4. After removing that top layer of wallpaper, you now need to remove the paper that is glued to the wall with adhesive. The best way to do this is to run the steamer over a section and then scrape it with the wall scraper. You can also use a washcloth soaked in hot water (only hot enough for you to handle) and run that over the wall before scraping. Do not gouge the wall! This will take you awhile. I highly recommend turning on the radio or listening to an old radio show!
    1. TIP: Clean as you go. Get a 3’ or 4’ section done and get the soggy paper into the garbage. You don’t want it drying on your counter or floor. That just becomes a pain later on.
    2. TIP: If redoing your kitchen, pull out the fridge and the oven. Get behind these two beasts. I suggest getting the wallpaper removed from behind them last and painting behind them first - so you can get them put back in place while you finish the rest of your kitchen.
Continue for more wall refurbishing. You will need painter’s tape, a 1” wide brush, a paint cup, plastic sheeting to cover the floor and anything else, a 3” brush, a hand roller and tray, and the proper amount of paint for your space.
  1. Tape your edges to prevent paint from getting on the ceiling, walls you don’t want painted, cabinets/shelves, counters, etc. If you have moulding in the way, gently pry this off. You can put it back on when you’re done with a small hammer.
  2. Make sure you have plastic sheeting laid down for the area you plan on working. Work in small areas at a time. Example: In the kitchen, consider the space behind the fridge it’s own area, while the space above the cabinets along one wall is a different space. If working high, make sure you have anything that can be dripped on covered completely.
  3. Prime your walls or use paint that has primer mixed in. I always suggest two good coats of paint. If you are putting up different wallpaper, don’t paint, just install your new wallpaper.
    1. Do the edges first with the 1” brush. I use a paint cup while I do this part since it’s easier to handle. I always paint a 2”-3” edge of paint before using a bigger brush or a hand roller. Take your time and try not to splatter or drip paint.
    2. Paint and step away! Let your first coat dry and inspect it. Sometimes you get that magic paint that only requires one coat. That’s not usually the case. You will probably have to use a second coat.
  4. Paint all your walls before laying down any final coats.
  5. Paint the walls a final time. Your walls should be evenly coated with the final coat of paint. If they aren’t evenly coated, creating a splotchy look, you will need to put on another coat of paint.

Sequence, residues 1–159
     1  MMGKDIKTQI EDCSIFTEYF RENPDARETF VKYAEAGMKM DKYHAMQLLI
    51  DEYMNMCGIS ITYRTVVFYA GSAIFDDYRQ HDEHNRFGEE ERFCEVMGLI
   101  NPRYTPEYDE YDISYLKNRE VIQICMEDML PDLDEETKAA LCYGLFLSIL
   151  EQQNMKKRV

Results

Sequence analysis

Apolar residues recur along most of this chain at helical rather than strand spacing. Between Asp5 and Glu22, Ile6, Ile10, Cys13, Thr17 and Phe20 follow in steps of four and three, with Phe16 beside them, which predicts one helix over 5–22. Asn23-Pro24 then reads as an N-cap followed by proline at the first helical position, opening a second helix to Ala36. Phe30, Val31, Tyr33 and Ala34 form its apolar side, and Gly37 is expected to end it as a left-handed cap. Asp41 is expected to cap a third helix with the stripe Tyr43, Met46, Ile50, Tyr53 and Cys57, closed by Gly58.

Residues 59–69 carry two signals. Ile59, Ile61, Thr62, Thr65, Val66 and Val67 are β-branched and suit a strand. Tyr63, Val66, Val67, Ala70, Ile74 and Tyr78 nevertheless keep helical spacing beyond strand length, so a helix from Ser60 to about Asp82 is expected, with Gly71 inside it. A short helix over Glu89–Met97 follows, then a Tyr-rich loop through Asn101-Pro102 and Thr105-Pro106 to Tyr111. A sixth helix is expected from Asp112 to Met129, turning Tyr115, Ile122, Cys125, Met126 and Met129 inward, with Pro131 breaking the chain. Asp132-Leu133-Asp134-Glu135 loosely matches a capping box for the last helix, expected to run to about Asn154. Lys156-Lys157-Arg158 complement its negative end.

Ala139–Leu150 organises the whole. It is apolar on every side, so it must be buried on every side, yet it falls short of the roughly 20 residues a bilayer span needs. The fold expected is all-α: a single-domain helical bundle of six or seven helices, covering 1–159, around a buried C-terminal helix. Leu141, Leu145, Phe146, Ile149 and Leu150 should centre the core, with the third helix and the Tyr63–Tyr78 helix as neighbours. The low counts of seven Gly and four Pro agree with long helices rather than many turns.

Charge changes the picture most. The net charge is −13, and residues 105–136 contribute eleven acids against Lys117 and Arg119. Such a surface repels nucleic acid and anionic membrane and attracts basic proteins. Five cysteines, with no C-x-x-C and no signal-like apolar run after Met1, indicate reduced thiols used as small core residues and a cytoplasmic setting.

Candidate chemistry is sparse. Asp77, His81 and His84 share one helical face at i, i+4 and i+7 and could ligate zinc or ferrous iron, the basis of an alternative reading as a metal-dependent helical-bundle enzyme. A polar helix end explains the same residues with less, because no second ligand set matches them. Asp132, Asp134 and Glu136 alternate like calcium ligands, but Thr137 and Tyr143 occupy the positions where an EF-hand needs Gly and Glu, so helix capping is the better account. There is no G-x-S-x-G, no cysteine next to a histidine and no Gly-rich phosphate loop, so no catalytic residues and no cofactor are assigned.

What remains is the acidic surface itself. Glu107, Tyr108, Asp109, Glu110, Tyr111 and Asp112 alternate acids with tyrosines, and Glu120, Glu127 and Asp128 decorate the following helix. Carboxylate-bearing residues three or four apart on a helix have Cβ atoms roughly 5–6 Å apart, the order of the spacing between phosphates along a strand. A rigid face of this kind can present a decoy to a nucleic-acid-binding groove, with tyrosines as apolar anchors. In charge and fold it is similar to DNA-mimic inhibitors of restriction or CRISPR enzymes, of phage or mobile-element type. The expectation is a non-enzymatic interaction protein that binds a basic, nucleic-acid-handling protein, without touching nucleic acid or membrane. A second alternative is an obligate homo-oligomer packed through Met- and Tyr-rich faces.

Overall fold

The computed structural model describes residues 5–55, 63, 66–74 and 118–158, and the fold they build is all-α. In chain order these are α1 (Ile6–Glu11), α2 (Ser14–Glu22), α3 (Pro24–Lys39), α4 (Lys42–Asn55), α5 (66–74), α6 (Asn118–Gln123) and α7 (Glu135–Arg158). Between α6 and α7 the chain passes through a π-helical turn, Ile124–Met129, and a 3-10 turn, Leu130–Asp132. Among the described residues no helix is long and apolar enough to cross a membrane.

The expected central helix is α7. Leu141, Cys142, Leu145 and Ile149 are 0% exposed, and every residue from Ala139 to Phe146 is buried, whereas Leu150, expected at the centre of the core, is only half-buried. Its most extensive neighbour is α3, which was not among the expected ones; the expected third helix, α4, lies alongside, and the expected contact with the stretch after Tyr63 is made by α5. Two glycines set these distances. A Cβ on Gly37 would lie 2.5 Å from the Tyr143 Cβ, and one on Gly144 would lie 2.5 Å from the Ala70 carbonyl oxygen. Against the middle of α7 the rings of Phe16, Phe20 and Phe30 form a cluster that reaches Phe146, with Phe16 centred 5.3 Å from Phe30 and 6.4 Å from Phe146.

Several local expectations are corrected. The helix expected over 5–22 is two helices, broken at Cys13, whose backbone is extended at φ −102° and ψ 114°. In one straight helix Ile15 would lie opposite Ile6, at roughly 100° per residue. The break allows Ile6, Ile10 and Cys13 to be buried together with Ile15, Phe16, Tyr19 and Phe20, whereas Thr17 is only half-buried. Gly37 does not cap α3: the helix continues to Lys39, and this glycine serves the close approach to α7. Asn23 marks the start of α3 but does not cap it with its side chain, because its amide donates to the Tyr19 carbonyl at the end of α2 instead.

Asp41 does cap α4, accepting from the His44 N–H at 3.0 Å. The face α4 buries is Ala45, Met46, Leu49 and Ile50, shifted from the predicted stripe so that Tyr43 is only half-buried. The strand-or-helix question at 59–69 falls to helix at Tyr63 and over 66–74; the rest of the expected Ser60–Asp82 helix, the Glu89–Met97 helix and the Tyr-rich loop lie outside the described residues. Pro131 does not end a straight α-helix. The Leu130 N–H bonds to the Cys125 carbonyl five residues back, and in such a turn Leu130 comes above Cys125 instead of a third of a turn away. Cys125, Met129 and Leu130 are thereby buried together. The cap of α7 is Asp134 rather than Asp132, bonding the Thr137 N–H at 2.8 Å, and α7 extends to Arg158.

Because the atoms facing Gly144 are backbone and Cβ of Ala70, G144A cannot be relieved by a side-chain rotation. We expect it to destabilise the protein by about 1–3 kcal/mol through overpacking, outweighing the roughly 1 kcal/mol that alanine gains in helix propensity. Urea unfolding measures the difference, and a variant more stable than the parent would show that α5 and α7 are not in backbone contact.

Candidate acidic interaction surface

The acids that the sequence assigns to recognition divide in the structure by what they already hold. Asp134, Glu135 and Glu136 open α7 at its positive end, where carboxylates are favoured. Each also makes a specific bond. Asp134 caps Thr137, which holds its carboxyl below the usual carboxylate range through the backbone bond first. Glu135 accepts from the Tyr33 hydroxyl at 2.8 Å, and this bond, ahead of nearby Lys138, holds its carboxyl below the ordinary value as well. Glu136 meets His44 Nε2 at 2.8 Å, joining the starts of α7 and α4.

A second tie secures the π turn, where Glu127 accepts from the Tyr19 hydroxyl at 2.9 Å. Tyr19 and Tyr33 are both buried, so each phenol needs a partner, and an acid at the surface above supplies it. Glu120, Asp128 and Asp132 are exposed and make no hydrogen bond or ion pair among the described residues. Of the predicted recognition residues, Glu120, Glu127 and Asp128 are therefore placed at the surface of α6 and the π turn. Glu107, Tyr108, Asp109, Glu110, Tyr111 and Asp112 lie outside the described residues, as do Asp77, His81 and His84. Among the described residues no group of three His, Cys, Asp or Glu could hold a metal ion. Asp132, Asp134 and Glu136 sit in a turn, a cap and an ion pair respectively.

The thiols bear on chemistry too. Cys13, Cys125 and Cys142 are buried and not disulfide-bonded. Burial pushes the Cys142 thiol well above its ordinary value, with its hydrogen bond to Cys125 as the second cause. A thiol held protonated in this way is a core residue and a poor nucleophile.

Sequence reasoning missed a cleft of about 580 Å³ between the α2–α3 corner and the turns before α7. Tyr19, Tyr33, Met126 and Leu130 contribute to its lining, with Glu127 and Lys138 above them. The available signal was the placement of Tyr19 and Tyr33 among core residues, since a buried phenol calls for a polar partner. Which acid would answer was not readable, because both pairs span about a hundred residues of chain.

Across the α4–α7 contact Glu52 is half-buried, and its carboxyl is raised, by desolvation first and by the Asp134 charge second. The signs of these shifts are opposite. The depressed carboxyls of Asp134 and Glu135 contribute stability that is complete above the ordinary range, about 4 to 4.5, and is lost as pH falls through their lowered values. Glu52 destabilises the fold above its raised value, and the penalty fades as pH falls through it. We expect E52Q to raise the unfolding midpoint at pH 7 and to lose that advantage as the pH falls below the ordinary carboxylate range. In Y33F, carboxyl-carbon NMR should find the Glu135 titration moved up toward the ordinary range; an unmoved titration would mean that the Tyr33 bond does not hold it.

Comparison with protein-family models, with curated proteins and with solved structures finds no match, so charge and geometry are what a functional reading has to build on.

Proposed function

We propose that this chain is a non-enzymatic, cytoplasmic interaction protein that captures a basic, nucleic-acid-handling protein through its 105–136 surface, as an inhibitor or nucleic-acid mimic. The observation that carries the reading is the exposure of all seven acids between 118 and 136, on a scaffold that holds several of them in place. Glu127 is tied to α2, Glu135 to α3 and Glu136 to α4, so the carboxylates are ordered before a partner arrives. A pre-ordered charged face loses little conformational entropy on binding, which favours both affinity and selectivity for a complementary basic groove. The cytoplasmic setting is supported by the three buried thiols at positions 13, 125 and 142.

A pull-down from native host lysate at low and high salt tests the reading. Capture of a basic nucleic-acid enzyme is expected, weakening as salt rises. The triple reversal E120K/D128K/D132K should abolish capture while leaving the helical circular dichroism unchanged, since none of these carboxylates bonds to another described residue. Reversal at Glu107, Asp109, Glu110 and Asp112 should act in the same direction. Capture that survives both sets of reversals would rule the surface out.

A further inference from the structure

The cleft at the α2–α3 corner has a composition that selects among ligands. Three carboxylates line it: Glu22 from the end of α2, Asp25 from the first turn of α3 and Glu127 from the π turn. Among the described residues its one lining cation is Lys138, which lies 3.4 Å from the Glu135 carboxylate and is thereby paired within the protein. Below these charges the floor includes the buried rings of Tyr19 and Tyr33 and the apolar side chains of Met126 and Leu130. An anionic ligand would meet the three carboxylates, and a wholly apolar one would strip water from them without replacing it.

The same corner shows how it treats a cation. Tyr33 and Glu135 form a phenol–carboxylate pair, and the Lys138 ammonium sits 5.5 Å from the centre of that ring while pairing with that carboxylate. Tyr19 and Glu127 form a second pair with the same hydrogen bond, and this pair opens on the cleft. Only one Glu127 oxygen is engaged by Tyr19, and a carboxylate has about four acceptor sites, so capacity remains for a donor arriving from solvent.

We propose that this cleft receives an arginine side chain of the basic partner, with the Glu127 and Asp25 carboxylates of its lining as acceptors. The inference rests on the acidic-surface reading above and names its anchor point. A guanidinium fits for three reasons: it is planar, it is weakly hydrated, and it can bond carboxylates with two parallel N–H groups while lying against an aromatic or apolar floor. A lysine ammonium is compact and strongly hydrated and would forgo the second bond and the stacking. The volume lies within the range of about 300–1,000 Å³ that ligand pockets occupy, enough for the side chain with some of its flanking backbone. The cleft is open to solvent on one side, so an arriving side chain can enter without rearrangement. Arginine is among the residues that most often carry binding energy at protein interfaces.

6. After everything is dry or mostly dry, you can remove the painter’s tape, plastic sheeting, and any mess. During this time, don’t touch the walls, but definitely get your clean up taken care of. You can also move any large appliances or furniture back into place.
  7. Is everything dry? You can take a little paint in your paint cup and use your 1” brush to touch up any small spots. Let this dry and then you’ll be all set to put stuff back in place, hang pictures, etc.
Flooring

When it comes to flooring, your basics boil down to carpet, wood/fake wood, tile/stone, and vinyl/laminate. It’s all based on personal choice. For instance, I really dislike most carpet and tolerate low pile commercial carpet more than high pile residential carpet. I took out the majority of the carpet in my apartment, trading it for fake wood. I feel as though I have a cleaner environment, instead of dirt hiding under a laid carpet. I also don’t continuously wear shoes on my fake wood, whereas with carpet I will always wear some sort of footwear. It’s all personal preference.
  • Things to ask yourself about flooring:
  • What do I like the feeling of?
  • When I want to be ultra comfortable, will this flooring provide that?
  • When I want to be fancy and have people over, will this flooring provide for that?
  • What color is appropriate?
  • Do you have pets? If so, consider your flooring and pets - hair, foot traffic, etc.
  • Is your flooring within your price range?





Other Stuff

When revamping your humble abode, you might want to think about the mid-century philosophy of minimalism. In a nutshell, Minimalism is reducing your belongings to provide more space for you to be yourself or to clean up your belongings so they become part of the space. A famous phrase from minimalists is “clutter causes anxiety”. Try to create space for what you own. If you have stuff boxed up out in the garage or tucked away in a closet, do you really need it? Why is it there? Holiday decor, okay. Seasonal clothing, okay. Clothing you haven’t worn in 5 years, it must go!

 Not everyone practices minimalism. It’s just a very common trend in mid-century modern homes.  I highly recommend the magazine ‘Atomic Ranch’.

I’m going to leave you with some fun online shops to check out.  You'll find some great links for altering your home to fit your new lifestyle.


Up Next: Living The Vintage Life: Entertainment